Since he was a former NCAA Division I wrestling champion (1988) and three times Pan American wrestling champion, he could manage to score takedowns against any fighter at the prime heyday of his career.

Yet, instead of holding his opponents on the bottom, he tended to posture up and land brutal strikes, smashing their faces with an awful lot of punches and elbows, devising a new technique that was particularly effective against BJJ fighters.

Coleman started to compete in the UFC in the mid-90s when he made his presence known by grabbing victory at the UFC 10 and 11 tournaments.

However, after he underwent a number of defeats, he made his mind to leave the promotion after a while. Then he joined Pride FC in 2000 and succeeded to topple Allan Goes to earn the Pride FC 2000 Openweight Grand Prix Tournament.

Finally in his post pride days, while he was expected to retire, he preferred to continue losing fights one after the other in the next nine years of his career.

Be that as it may, there is not a shadow of a doubt that he is still enlisted among one of the most influential fighters in MMA history, due to his influence on other wrestlers who joined MMA and established dominance over BJJ fighters.

Frank Shamrock (1994-2010)

Frank Shamrock is considered to be among the first ones who realized that in order to exceed in the sport of MMA, one should be mastered in various combat sports.

So he started to train at his brothers’ infamous Lions Den gym, shoot fighting, jeet kune do, kickboxing, and a chunk of leglocks.

Except for Bas Rutten, nobody else at the time of his era in the mid-1990s, was a true well rounded mixed martial artist. In other words, unlike many other fighters who knew just how to box or grapple, not only he was competent in both of them but also was skilful in a blend of other martial arts.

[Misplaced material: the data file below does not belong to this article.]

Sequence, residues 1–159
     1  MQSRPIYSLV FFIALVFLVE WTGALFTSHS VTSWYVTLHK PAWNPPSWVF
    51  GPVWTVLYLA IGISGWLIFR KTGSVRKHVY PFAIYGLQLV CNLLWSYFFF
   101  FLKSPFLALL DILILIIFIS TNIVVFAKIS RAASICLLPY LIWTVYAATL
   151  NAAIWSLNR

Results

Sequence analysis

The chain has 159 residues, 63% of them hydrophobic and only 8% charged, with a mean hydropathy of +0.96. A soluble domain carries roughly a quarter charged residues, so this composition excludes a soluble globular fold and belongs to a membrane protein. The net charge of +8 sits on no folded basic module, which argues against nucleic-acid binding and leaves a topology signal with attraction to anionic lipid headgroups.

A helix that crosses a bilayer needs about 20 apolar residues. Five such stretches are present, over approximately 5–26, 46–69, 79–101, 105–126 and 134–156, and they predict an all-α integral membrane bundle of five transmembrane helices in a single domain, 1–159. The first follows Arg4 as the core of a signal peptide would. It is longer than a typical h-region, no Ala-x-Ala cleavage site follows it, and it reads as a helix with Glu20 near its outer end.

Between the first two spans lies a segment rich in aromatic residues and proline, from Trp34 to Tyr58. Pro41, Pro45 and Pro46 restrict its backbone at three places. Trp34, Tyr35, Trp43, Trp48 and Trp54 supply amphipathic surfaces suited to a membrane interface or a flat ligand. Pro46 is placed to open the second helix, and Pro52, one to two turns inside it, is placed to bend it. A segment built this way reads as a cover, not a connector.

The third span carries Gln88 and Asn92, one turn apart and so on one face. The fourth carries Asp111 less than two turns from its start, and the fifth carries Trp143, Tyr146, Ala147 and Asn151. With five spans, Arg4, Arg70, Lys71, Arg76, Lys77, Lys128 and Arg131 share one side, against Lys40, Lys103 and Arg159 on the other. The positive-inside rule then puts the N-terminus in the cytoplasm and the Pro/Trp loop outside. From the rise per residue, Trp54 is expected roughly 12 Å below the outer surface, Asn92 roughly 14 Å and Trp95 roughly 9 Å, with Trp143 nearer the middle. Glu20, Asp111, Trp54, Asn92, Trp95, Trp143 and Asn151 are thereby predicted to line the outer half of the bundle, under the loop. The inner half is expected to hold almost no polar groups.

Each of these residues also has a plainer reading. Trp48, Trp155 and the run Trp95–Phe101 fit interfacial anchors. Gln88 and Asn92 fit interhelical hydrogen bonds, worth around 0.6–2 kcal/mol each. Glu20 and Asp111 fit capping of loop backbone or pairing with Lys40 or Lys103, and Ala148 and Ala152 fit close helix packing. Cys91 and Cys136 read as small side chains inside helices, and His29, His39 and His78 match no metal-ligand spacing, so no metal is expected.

In essence, he has grabbed a spot among the

most influential fighters in MMA history

in as much as he changed the way fighting was done in the mid-’90s.

Without the presence of people like him, MMA would conceivably remain a fighting style with a particular skill set rather than a wide manifold set for a very long time.

He also played a significant role in raising awareness about the importance of cardiovascular training. That is to say, all the great talents and endeavours would be futile when the exhausted fighter has not that much of endurance in his battles.

Randy Couture (1997-2011)

As one of the first superstars in UFC history, as well as one

The most overrated UFC fighters of all time

, he is considered to be among the famous MMA fighters.

Aside from the great success he achieved through competing in both the light heavyweight and heavyweight divisions, what has made him grab a place among

the top ten most influential fighters in history

, is his lasting pedigree of devising perfect strategies to confront even much stronger fighters.

That is to say, as a gifted fight strategist, he deemed fighting more of a game of war in that he had always a plan to cope with varied situations in the battle.

At the time when many fighters tended to go into a fight just with their pure instincts, Randy proved that how important it is to have a smart plan for each bout, while he used to study his opponents so as to figure out their games and find the ways that he could beat them.